Several studies have demonstrated the ease and safety of sub-Tenon’s anaesthesia not only for trabeculectomy12,16,17 but also for cataract surgery.18–21 This technique, however, involves injection of anaesthetic with a sharp needle or blunt cannula which may result in complications such as subconjunctival haemorrhage, chemosis, conjunctival injection holes, and even globe perforation. A potential advantage of sub-Tenon’s anaesthesia is in cases of re-operation where the infiltration of anaesthetic fluid separates Tenon’s capsule and conjunctiva from episclera, thus allowing the surgeon to check for conjunctival mobility when choosing a site for surgery.

Topical anaesthesia has been reported to be a safe and effective alternative to retrobulbar and peribulbar anaesthesia.1–11 Zabriskie et al7 found that patients on topical anaesthesia with bupivacaine hydrochloride 0.75% eye drops preoperatively and intraoperatively for trabeculectomy surgery reported equivalent pain scores as those patients who underwent retrobulbar anaesthesia. This finding was supported by a prospective clinical trial by Sauder and Jonas6 who used oxybuprocaine 0.4% and cocaine hydrochloride 10% eye drops in the topical anaesthesia group before penetrating trabeculectomy.

Topical anaesthesia has several advantages: early return of visual acuity without the potential complications of injection (subconjunctival and retrobulbar haemorrhage, chemosis, optic nerve injury, globe perforation, retinal detachment, diplopia, ptosis, periocular ecchymosis, increased orbital pressure, injection into the subarachnoid space, and respiratory arrest from brain stem anaesthesia).22–29 The disadvantages of local drops are the need for administration of several doses previous and during surgery, the short anaesthetic effect without elimination of ocular movement, and the potential for cumulative toxicity.

Lidocaine jelly is a widely used agent for topical anaesthesia in urogenital, laryngotracheal, and even skin anaesthesia and has recently been described in cataract surgery.11,30–33

The gel formulation has the advantage of increased contact time with the ocular surface, providing prolonged release of lidocaine, thus creating a sustained effect. Five published clinical studies evaluated the clinical efficacy of lidocaine 2% jelly in ophthalmic surgery. All of them suggested that lidocaine 2% jelly provides adequate anaesthesia and patient comfort. Barequet et al11 found that a single application of the jelly was similar to multiple topical tetracaine 0.5% eye drops for clear corneal cataract surgery in provision of corneal anaesthesia and patient comfort on a four grade pain scale. Lai et al10 using the VAS for intraoperative pain assessment reported topical 2% lidocaine hydrochloride jelly without systemic sedation to be a safe and effective anaesthetic method in phacotrabeculectomy for patients with primary open angle glaucoma with coexisting cataract. Similar findings were published by Assia et al32 using lidocaine 2% jelly as the sole anaesthetic agent in cataract surgery and the VAS to grade the intraoperative pain.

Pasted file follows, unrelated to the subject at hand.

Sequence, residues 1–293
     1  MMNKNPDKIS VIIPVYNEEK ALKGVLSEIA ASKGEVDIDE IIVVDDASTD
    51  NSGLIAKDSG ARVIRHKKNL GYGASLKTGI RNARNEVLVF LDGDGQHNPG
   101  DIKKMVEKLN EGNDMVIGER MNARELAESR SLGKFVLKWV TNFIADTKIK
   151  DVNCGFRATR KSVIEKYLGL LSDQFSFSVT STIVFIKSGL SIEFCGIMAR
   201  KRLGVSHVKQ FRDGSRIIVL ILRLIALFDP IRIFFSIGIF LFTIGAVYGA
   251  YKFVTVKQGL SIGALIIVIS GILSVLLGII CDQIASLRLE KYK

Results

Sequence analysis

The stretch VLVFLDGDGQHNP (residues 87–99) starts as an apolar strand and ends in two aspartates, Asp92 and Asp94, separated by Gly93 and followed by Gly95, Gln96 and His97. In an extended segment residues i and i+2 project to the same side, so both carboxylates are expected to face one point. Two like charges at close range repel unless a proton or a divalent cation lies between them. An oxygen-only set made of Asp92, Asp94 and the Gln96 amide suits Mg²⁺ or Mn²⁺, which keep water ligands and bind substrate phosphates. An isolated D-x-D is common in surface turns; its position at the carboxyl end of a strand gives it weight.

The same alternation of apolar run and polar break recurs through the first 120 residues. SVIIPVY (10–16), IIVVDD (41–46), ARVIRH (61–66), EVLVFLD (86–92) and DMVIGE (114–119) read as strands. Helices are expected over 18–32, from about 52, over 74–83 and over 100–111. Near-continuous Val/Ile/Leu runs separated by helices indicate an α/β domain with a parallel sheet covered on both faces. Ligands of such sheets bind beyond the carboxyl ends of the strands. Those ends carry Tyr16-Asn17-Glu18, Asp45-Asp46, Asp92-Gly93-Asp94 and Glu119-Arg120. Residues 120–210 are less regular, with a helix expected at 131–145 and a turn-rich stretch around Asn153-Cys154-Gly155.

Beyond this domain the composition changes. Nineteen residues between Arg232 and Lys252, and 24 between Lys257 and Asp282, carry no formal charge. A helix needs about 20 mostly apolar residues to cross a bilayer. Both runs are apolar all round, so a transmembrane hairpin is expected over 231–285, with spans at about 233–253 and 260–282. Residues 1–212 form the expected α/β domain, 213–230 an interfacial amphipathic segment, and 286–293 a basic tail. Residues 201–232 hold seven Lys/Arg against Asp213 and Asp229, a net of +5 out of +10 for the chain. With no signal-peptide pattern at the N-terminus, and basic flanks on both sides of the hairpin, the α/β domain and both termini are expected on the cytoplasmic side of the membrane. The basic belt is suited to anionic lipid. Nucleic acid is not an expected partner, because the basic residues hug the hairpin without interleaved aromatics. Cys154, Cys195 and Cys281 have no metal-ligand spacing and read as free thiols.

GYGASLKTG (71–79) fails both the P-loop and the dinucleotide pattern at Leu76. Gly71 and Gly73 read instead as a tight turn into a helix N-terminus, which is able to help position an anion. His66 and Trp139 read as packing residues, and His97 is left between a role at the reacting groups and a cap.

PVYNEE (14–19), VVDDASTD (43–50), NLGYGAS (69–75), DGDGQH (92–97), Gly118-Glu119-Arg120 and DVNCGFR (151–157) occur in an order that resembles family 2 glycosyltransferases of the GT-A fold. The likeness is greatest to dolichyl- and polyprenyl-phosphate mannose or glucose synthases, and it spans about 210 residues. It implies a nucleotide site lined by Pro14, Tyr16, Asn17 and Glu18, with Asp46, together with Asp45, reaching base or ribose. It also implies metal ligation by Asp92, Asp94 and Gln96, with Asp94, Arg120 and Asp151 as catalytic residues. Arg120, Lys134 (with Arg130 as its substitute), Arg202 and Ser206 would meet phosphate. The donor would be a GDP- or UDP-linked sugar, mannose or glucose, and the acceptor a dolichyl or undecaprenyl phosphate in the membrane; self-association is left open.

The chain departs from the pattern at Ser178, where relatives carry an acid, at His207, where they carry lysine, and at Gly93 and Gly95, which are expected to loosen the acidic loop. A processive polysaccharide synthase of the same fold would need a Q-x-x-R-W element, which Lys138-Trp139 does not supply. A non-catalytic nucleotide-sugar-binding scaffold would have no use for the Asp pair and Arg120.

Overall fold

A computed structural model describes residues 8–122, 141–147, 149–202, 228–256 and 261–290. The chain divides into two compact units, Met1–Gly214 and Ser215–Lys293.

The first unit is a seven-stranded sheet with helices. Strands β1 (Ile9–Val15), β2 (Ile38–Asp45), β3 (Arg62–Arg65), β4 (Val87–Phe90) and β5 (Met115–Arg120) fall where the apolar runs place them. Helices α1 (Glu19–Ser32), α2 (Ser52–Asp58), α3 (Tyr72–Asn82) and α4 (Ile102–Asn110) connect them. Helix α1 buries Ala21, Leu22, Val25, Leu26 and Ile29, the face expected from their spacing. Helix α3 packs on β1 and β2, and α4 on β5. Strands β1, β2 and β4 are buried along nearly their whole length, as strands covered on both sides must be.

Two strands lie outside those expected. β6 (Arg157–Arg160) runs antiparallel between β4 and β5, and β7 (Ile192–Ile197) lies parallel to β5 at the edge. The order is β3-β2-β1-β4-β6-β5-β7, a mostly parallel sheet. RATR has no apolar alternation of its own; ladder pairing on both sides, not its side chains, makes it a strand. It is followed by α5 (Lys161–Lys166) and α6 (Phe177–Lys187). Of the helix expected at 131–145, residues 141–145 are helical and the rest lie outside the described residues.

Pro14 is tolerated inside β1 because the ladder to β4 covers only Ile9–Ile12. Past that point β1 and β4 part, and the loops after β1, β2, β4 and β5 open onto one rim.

Koch33 using oxybuprocaine (proparacaine) 1% eye drops plus lidocaine 2% jelly twice before cataract surgery as topical agents, reported pain scores equivalent to those obtained with oxybuprocaine 1% eye drops preoperatively plus intracameral 1% lidocaine on a five grade pain scale. Bardocci et al30 recorded better analgesia and patient cooperation with lidocaine 2% jelly for cataract surgery than with lidocaine 4% unpreserved eye drops, using a three grade pain scale. We report no difference between jelly and sub-Tenon’s injection in trabeculectomy patients. One of us (GET) has used topical lidocaine 2% jelly for many years in trabeculectomy surgery; however, to the best of our knowledge, this is the first prospective randomised study comparing topical lidocaine 2% jelly and sub-Tenon’s anaesthesia with lidocaine 2% without adrenaline for trabeculectomy surgery. Specific factors evaluated during this study included patient comfort and surgeons’ satisfaction considering eye movements and the surgeon’s subjective impression of patient comfort and ease of surgery. Anticipating that some of the sedatives used may produce anterograde amnesia, patients were asked to report any discomfort during surgery and any patient reported painful sensations were considered by the surgeons when scoring the surgical experience. Although systemic medications can affect patients’ response, both groups were given systemic sedation of dosages that fall into the “low” category. No difference was observed between the two groups in both patients’ self reporting of subjective pain and surgeons’ satisfaction.